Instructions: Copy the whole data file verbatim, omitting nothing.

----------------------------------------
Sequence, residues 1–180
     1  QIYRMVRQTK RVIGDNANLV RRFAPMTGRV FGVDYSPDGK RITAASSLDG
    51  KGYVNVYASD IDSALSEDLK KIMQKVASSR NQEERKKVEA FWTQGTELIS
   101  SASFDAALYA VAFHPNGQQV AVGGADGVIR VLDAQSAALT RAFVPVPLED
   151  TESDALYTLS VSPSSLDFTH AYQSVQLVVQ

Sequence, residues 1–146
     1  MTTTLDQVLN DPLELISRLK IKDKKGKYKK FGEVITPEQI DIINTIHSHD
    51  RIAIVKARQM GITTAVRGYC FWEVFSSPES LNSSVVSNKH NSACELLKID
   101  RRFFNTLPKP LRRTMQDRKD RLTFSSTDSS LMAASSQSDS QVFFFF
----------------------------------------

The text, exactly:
Sequence, residues 1–180
     1  QIYRMVRQTK RVIGDNANLV RRFAPMTGRV FGVDYSPDGK RITAASSLDG
    51  KGYVNVYASD IDSALSEDLK KIMQKVASSR NQEERKKVEA FWTQGTELIS
   101  SASFDAALYA VAFHPNGQQV AVGGADGVIR VLDAQSAALT RAFVPVPLED
   151  TESDALYTLS VSPSSLDFTH AYQSVQLVVQ

Sequence, residues 1–146
     1  MTTTLDQVLN DPLELISRLK IKDKKGKYKK FGEVITPEQI DIINTIHSHD
    51  RIAIVKARQM GITTAVRGYC FWEVFSSPES LNSSVVSNKH NSACELLKID
   101  RRFFNTLPKP LRRTMQDRKD RLTFSSTDSS LMAASSQSDS QVFFFF